The Drill: Windom baseball pitcher Noah Kloss aims for success

WINDOM -- For baseball pitchers, there are many ways to get outs. The confident ones tend to attack the strike zone. Satisfied with their "stuff," they understand that it's not always wise to play around the edges. Pitch to contact. Trust your de...

4181597+Windom Area baseball player Noah Kloss Drill 05 02 web.jpg

WINDOM -- For baseball pitchers, there are many ways to get outs. The confident ones tend to attack the strike zone. Satisfied with their “stuff,” they understand that it’s not always wise to play around the edges. Pitch to contact. Trust your defense.

Noah Kloss, one of three mainstays for the Windom Area Eagles high school baseball team, is a right-handed pitcher who attacks the strike zone. Though he doesn’t describe himself as a strikeout pitcher, he challenges hitters. He was one of the team’s most durable hurlers last year as a junior while he led the Eagles in pitching appearances, and now as a senior he joins Luke Gilbertson and Kobe Lovell as the aces of a deep pitching staff for head coach Brad Schlomann.

Kloss also plays hockey and runs cross country for the Eagles. In baseball, he also plays third base and shortstop.

Bound for the University of Minnesota-Morris after graduation, Kloss intends to play baseball and pursue an education degree.

Windom Area entered the 2018 spring baseball season hopeful for success, buoyed by its veteran pitching staff. The Eagles have struggled early, but their pitching should warm up as the last traces of a cold early spring go away and the inconsistent offense of 2017 begins to come together.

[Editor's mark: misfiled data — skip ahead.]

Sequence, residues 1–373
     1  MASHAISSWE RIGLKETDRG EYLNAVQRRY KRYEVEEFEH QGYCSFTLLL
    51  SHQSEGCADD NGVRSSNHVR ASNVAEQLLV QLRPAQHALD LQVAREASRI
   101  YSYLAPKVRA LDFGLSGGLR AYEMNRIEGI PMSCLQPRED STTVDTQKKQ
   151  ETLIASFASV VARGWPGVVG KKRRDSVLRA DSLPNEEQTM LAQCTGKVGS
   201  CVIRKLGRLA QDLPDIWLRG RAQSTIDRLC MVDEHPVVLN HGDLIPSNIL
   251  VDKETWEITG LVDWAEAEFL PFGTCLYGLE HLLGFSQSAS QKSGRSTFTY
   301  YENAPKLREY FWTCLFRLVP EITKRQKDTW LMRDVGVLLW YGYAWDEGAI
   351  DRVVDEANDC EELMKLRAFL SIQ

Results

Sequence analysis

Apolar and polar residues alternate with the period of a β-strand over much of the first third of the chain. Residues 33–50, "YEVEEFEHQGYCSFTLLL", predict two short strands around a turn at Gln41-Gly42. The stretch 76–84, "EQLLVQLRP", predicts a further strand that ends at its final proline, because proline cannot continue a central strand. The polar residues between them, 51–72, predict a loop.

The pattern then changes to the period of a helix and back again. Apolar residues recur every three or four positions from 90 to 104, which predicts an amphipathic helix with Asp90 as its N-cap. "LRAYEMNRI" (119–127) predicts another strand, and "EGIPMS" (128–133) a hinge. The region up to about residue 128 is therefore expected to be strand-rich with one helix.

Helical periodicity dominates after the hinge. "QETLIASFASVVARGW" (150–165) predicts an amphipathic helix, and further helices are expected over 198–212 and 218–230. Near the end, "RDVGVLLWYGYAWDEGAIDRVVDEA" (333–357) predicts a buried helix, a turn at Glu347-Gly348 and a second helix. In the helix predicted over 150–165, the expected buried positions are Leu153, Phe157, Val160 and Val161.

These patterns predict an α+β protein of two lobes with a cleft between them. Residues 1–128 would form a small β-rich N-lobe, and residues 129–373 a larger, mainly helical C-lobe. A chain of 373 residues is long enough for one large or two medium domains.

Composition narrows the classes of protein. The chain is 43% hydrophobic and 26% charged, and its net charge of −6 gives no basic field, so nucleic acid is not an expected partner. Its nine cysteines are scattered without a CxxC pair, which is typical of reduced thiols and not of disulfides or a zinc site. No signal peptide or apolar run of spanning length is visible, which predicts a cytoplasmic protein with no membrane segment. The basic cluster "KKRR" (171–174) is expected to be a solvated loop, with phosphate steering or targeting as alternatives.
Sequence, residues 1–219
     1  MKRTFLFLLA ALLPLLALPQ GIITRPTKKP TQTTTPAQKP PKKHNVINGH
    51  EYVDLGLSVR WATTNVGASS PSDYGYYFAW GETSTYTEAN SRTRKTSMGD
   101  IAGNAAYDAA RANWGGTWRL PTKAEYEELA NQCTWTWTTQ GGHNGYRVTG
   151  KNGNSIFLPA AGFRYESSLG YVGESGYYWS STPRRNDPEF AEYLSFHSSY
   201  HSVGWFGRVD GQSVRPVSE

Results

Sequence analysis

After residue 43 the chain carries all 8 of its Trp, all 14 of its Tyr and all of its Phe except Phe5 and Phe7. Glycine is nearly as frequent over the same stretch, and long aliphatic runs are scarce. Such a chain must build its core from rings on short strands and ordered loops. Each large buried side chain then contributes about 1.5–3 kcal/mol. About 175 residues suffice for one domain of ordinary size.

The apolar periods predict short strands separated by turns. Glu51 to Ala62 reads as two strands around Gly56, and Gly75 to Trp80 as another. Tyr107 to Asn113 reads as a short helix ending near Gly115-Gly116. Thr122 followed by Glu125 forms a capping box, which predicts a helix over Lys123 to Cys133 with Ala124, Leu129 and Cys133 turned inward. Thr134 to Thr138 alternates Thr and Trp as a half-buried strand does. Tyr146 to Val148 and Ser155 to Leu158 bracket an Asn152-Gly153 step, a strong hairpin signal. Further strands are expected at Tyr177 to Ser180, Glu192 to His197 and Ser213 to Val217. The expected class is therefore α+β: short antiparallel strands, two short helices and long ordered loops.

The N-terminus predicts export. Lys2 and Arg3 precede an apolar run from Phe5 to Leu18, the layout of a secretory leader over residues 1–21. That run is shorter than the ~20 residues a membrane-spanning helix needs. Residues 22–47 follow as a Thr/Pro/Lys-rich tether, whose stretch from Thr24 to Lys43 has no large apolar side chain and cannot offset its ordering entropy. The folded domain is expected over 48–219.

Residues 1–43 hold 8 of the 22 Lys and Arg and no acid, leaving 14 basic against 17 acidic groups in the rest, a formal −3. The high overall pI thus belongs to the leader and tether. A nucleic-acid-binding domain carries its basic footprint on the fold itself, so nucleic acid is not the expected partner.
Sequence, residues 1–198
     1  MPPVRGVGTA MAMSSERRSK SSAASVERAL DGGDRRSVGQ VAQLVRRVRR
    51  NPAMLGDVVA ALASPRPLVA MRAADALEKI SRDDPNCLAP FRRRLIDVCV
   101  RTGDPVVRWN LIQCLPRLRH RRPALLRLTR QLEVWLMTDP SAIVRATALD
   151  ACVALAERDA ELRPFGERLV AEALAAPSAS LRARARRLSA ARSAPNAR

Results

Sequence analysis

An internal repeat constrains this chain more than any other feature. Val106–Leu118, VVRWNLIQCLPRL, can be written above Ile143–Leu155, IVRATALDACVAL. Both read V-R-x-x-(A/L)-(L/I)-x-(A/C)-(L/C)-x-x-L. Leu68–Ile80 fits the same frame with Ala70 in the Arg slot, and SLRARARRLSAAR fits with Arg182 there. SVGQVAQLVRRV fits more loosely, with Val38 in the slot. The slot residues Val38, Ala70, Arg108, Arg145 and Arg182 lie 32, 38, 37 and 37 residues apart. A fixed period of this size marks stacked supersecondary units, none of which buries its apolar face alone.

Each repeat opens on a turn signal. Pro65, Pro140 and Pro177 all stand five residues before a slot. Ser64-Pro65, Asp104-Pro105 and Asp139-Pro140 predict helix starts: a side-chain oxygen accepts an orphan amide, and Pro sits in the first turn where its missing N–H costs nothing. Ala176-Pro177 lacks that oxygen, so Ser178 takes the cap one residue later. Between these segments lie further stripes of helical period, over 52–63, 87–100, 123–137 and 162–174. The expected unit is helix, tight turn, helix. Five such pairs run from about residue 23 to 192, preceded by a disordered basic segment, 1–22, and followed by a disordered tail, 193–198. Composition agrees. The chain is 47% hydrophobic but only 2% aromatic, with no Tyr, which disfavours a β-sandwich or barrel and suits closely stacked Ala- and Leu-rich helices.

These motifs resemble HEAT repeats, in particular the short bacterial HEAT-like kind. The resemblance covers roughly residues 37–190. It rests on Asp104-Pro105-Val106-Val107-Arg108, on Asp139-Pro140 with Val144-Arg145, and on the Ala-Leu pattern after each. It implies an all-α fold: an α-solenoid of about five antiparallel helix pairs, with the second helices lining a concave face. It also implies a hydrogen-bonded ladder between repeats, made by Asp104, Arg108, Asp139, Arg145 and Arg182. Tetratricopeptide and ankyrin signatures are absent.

Kloss is a movie junkie. He loves to watch movies. This week, he stars in his own movie -- more accurately, a video -- detailing his exploits on the baseball field.

This week’s Globe video on Kloss can be seen online at . Some highlights from our interview with the crafty right-hander follow:

QUESTION: What things are you working on this spring to be a better pitcher?

ANSWER: “I’m working on trying to change my speeds a bit more, trying to have a faster fastball, have a slower change-up, a crazier curve ball.”

Q: How good can this Windom Area baseball team be this spring? Are you excited about the possibilities, and why?

A: “I’m very excited because we have a great group of guys around us. We’ve played together for a number of years now. We’ve grown as a unit and we have good chemistry. We’re there for each other.”

Q: What’s it like playing for Brad Schlomann? How has he helped you become a better player? And what does he stress from the team angle?

A: “It’s an honor to be a player for him because he works with all of us individually as well as a team. He stresses, more than anything, team chemistry and being effective on and off the field, and in the classroom. He’s always lighthearted about everything, and he says I’m perfect because I like to please everyone.”


Q: Do you have a personal baseball highlight?

A: “I’d say a personal highlight in baseball, for me, is when I hit my first home run. I was 11 years old at the time and we were in a baseball tournament in Northrop, and I was the leadoff batter for a game against St. Clair, and I was able to golf a home run over the center-field fence. It was my first at bat of the game. … What went through my mind was that, ‘Oh, man, that looks like a fly out.’ As I watched the center-fielder, I thought, ‘Oh, he lost it.’ And then when I saw it go over, I’m like, ‘I hit a home run! I actually hit a home run!’”


Doug Wolter joined the Worthington Globe in December of 1983 as a sports reporter. He later became sports editor, and then news editor and managing editor. In 2006 he moved to Mankato with his wife, Sandy, and served as an editor at the Mankato Free Press. In 2013 he and Sandy returned to Worthington to take up the job of sports editor at The Globe, and they have been in Worthington since.

Doug can be reached at
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